The breeder we got Biscuit from is a business. We saw all the kennels, and I wasn't impressed. Would I do it again? Never. But (and you'll hate me for saying this!) I have no regrets. Biscuit is the love of my life, and I would never regret getting him. I hope we didn't add to 'the problem' by purchasing him, but he was already born. He was going to go to someone, and I'm grateful every day that that someone was me.

As someone who purchased a designer dog from a breeder, I wanted to weigh in with my experience. Hopefully you won't all hate me for where I got Biscuit.
 

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You are providing Biscuit a good and loving home, that's what is really important, you need not apologize for anything. Keep caring for and giving Biscuit the love he deserves, which he will return in spades. Dogs are amazing.
 

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I wouldn't apologize for that, it sounds like it was out of your control anyway. Plus when I was a 13, my mom did the same thing for our family dog. We had other dogs, but they were working dogs, not house pets. She was pretty adamant about not getting a dog from a shelter, even though my sister and I had pick out a golden retriever mix at the SPCA when a friend adopted one of its litter mates. Instead my mother got us a $2500 AKC bred English Cocker Spaniel, which ended up having epilepsy and was one of the worst dogs I've ever had. So, you got lucky with your dog.

I don't really understand why so many people are put off by shelter dogs. Our recent experience was nothing but positive, and the volunteers at the SPCA made sure we were going home with a dog that fit our family and that we would be prepared.
 

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I don't really understand why so many people are put off by shelter dogs. Our recent experience was nothing but positive, and the volunteers at the SPCA made sure we were going home with a dog that fit our family and that we would be prepared.
Well I have had a bad experience adopting my dog, with all of her health and behavioral issues, and it's definitely scared my parents away from adopting their next dog, unfortunately. It's partly my fault for adopting a dog I hadn't met, but I think the rescue definitely misled me when I had told them what I was looking for in a dog. And I know a lot of people who have been turned off of adopting for similar reasons.

There are a lot of rescues, and even local shelters here, just transporting dogs up from the South, because we don't have a lot of unwanted/stray dogs of our own up here, and rescue is "trendy." And some of them are doing a very good job with it but others are doing a terrible job. They have bit off more than they can chew, or have no idea what they're doing, or are trying to adopt out as many dogs as possible without thinking about making the right matches with owners, or without disclosing health or behavioral issues, bringing up sick dogs, etc. So I know a lot of people who have had bad experiences because of this and as a result get their next dog from a breeder. I personally plan to adopt more rescues in the future, but I also want to buy healthy, mentally stable, structurally sound dogs from breeders as well. I just feel there's more of a guarantee that way.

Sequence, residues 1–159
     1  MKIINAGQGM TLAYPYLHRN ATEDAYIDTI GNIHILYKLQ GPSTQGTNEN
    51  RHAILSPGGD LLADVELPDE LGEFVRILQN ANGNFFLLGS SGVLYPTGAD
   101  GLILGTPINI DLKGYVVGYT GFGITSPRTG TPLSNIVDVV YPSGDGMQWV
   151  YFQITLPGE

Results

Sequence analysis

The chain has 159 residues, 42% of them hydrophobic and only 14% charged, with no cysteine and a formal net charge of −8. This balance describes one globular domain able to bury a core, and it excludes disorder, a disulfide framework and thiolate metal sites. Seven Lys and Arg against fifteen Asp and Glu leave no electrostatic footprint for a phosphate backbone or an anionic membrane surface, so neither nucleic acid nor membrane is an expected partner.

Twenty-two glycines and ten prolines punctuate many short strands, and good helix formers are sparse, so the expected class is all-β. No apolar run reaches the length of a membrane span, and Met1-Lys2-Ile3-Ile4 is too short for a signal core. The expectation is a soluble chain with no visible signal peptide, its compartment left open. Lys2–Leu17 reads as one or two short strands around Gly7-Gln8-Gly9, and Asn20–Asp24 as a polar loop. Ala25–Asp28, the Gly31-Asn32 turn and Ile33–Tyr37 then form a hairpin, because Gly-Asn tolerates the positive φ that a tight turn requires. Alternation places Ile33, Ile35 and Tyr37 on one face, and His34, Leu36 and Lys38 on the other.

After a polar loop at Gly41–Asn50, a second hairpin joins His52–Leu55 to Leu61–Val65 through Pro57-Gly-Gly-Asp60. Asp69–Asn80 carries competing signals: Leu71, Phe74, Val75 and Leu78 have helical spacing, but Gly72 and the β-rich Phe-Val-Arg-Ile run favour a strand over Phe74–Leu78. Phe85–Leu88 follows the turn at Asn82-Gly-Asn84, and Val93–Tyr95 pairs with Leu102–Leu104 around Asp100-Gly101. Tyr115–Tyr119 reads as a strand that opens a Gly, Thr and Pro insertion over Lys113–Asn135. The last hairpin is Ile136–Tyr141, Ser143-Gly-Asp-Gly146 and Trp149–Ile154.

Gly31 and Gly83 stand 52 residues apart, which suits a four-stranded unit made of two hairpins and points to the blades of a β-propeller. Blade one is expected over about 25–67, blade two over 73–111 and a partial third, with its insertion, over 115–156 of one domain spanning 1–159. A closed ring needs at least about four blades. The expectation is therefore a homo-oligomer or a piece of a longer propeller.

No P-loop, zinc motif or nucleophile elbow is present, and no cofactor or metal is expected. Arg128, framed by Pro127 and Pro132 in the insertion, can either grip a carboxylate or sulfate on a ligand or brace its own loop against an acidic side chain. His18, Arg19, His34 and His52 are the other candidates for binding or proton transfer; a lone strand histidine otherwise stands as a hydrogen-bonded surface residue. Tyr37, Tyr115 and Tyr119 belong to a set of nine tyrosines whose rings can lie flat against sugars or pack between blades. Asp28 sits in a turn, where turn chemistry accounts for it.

Anyways, I had a cockapoo growing up and she was the best dog ever. She was nothing but sweet and friendly and well behaved, the opposite of my current dog. Shedding happened, but it was very low. My mom and sister have bad allergies to dogs and weren't allergic to Mia. She had a perfect temperament and energy level for a family dog. So I can understand why people would want a dog like that. She really did have the best traits of the poodle and the cocker spaniel combined.

I honestly toy with the idea of breeding cockapoos myself someday. Not to make an obscene amount of money, because I wouldn't charge thousands of dollars, but rather so there's someone out there who is doing it ethically. Health testing, titling dogs, being honest with buyers. Also I just think they're really awesome, versatile little family dogs that are a good option for allergy sufferers. And in my own search for breeders (I've looked for a variety of purebreds and crosses) I have found cockapoo breeders who are doing a decent job with health testing and taking good care of their dogs, breeders I would be comfortable purchasing from, but I think there's still room for improvement. But I think how you breed is much more important than what you breed. There are plenty of unethical breeders of purebreds as well. In fact, I think puppy mills probably breed just as many purebred dogs, if not more, than crosses.
 

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Designer dogs sell, there's no doubt about it. People generally do not do their research and are easily convinced that a particular breed "won't shed", is "hypoallergenic" or "won't bark".

My current dog is a mutt - lab x border collie. I love her and think she's amazing but I am under no false assumption that she is anything other than a mutt. She excels at everything we do. She's focused, driven, kind and honest but I'm not going to start breeding lab x bc mixes haha. She was a rescue and my next dog will be a border collie from a breeder. I, personally, don't think either path is wrong as long as they are both reputable. There are unethical rescues just as there are unethical breeders. People make a lot of money in 'rescue'. ;)